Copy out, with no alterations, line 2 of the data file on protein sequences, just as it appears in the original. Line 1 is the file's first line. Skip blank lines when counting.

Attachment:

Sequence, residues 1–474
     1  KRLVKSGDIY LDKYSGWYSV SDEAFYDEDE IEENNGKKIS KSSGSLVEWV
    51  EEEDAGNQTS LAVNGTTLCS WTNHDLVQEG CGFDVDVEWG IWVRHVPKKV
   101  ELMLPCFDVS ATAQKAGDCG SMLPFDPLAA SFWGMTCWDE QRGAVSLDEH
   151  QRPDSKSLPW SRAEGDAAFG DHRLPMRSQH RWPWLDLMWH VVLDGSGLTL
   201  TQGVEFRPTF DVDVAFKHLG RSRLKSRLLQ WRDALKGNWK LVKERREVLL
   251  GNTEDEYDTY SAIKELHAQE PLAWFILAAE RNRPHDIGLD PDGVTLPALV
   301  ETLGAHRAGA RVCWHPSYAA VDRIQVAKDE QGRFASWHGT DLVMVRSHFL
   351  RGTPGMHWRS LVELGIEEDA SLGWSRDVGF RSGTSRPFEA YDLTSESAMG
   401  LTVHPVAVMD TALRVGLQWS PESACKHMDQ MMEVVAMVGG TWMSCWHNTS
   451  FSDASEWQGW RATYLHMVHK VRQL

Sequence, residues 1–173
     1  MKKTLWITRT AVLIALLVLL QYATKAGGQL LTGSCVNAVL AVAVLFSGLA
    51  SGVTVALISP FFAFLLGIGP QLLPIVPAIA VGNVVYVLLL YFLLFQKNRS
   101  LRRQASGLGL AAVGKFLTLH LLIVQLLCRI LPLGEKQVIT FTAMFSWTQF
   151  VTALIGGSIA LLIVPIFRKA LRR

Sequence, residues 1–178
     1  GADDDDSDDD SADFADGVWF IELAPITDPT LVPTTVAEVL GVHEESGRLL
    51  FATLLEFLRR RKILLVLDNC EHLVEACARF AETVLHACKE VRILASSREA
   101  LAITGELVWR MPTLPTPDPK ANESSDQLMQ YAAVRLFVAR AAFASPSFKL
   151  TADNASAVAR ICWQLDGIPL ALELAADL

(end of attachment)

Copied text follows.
     1  KRLVKSGDIY LDKYSGWYSV SDEAFYDEDE IEENNGKKIS KSSGSLVEWV